For James, 7, making friends didn’t come easily. He had a hard time sitting still. He was impulsive and would often blurt things out in class. He had trouble starting conversations with his classmates and he struggled with sharing and taking turns on the playground equipment.
Fortunately, James’s first-grade class is one of the happy participants of social skills groups facilitated by Parents Place. James’ teacher started him in the group and within a few months he was coming out of his shell, engaging more with his peers and, to his surprise, he even made a friend. Soon the two boys were building blocks, playing board games together, and taking turns.
Beyond Autism, Many Children Struggle
For kids like James who are finding that social interactions aren’t coming easily, Social Skills Groups provide the extra support they need to learn interactive, friendship, and problem-solving skills. Guided by experienced group leaders, kids sing songs, play games, and role-play interactions with their peers. They’re having fun while receiving live feedback from professionals, and learning how to read social cues and get along with others.
“In the past, social skills building was regarded as something only to teach children on the autism spectrum. Now it’s seen as important for children facing a wide variety of challenges,” says Mimi Ezray, LCSW, MPH, of Parents Place on the Peninsula.
“That sense of being accepted by your peers is critical to your self esteem. If you don’t have that, it severely undermines your ability to learn and develop.”
Studies have shown that our happiness as adults is best predicted by the depth and breadth of connections we form with others. Building friendships begins early and lays the foundation for future relationships.
Social-Emotional Well-being In and Out of School
This past school year, Parents Place partnered with the acclaimed AltSchool, a private alternative school in Palo Alto, to run onsite social skills groups.
The groups have been such as a success that they’re bringing the groups to more AltSchools campuses next year.
“Many schools throughout the Bay Area are expressing an interest in social-emotional learning. They’re recognizing that this type of skills-building boosts students’ success in school as well as in their overall well-being,” says Mimi.
At the Forefront of a Growing Trend
The whole idea of teaching social skills is a relatively new concept. Parents Place has been running social skills groups for over six years and has been at the forefront.
“We’re definitely seeing a trend in educators and parents having a greater appreciation for social skills,” says Stephanie Agnew, Assistant Director at Parents Place on the Peninsula and a Social Skills Group Facilitator.
“It’s widely understood now how foundational these skills are to a child’s sense of self.”
Remarkable Transformations Seen in Children
Stephanie ran James’ social skills group. She recalls a meeting with his mom at the end of the school year where the two discussed how much James had changed.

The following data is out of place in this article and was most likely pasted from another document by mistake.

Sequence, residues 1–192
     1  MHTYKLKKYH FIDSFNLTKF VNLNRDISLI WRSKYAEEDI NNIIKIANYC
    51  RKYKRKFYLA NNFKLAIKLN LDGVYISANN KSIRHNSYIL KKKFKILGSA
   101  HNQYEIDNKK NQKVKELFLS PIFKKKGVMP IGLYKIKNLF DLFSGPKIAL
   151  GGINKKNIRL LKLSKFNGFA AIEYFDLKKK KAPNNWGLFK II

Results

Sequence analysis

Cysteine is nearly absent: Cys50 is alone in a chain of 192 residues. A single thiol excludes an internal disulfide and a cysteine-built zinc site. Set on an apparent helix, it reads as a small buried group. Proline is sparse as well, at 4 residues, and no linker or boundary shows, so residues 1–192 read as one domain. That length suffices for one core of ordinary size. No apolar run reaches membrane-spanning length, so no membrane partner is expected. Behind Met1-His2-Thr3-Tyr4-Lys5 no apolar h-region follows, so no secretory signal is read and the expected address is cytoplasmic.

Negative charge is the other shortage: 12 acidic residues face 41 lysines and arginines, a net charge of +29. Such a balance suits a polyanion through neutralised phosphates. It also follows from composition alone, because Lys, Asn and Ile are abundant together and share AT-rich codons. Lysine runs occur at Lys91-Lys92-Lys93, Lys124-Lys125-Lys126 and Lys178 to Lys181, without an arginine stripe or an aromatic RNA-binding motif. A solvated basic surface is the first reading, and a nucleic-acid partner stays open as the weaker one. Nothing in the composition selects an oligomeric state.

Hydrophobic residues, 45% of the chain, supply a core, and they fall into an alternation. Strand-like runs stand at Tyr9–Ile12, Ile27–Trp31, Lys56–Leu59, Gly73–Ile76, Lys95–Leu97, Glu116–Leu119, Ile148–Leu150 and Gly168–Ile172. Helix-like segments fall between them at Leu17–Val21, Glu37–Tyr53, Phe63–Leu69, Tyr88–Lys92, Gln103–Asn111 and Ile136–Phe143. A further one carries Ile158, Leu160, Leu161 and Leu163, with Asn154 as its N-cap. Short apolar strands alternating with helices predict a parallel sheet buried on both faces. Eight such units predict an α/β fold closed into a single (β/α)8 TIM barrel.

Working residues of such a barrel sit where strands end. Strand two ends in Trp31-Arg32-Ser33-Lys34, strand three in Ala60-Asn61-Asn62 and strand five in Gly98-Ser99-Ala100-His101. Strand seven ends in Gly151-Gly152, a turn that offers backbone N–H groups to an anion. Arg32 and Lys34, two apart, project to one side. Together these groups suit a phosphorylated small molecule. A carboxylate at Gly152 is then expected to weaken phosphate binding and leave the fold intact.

“This is a child who had not been connected before socially,” says Stephanie. “Now he has the self-confidence to open himself up. The transformation was remarkable.”
Jen Aguilar, a teacher at AltSchool, has seen this transformation with many of her students.
“As the social skills group progressed, we were so happy to find children using new language and strategies to communicate needs and engage in productive play with other children,” says Jen.
Advantages of a School-Based Model
What sets Parents Place groups apart is that they are customized to each group and to each child.
While groups are also available at Parents Place on-site locations on the Peninsula, the new school-based model is unique in that children can participate with their classmates in the context of their school environment.
An added benefit is that children who are strong in social skills development can act as role models to children who are struggling.
Bringing the Model to More Children
Parents Place is seeking increased funding to bring Social Skills Groups to more children who are in need of scholarships, including children who come to our family resource centers and for children who attend schools that do not have the resources for these programs.
Scholarships and Subsidies are Available
Students who would benefit from a Social Skills Group and whose families may not be able to afford the full cost may receive a scholarship for services because of the generous support of the JFCS and Parents Place community.
“There are so many children who could benefit from developing social skills such as learning how to get along in a group and how to be kind,” says Mimi.
“When these skills are taught to young children, they stay with them for life.”
If you would like to donate to help expand the social skills program in your area, please contact Barbara Farber at [email protected] or 415-449-3858.
If you’re interested in bringing a Parents Place Social Skills Group to your child’s preschool or elementary school, find out more at Parents Place online > https://ccy.jfcs.org/find-help/grow/social-skills-groups/
Partial funding for the JFCS’ Parents Place is provided by generous individual support, foundation grants, and named endowment funds.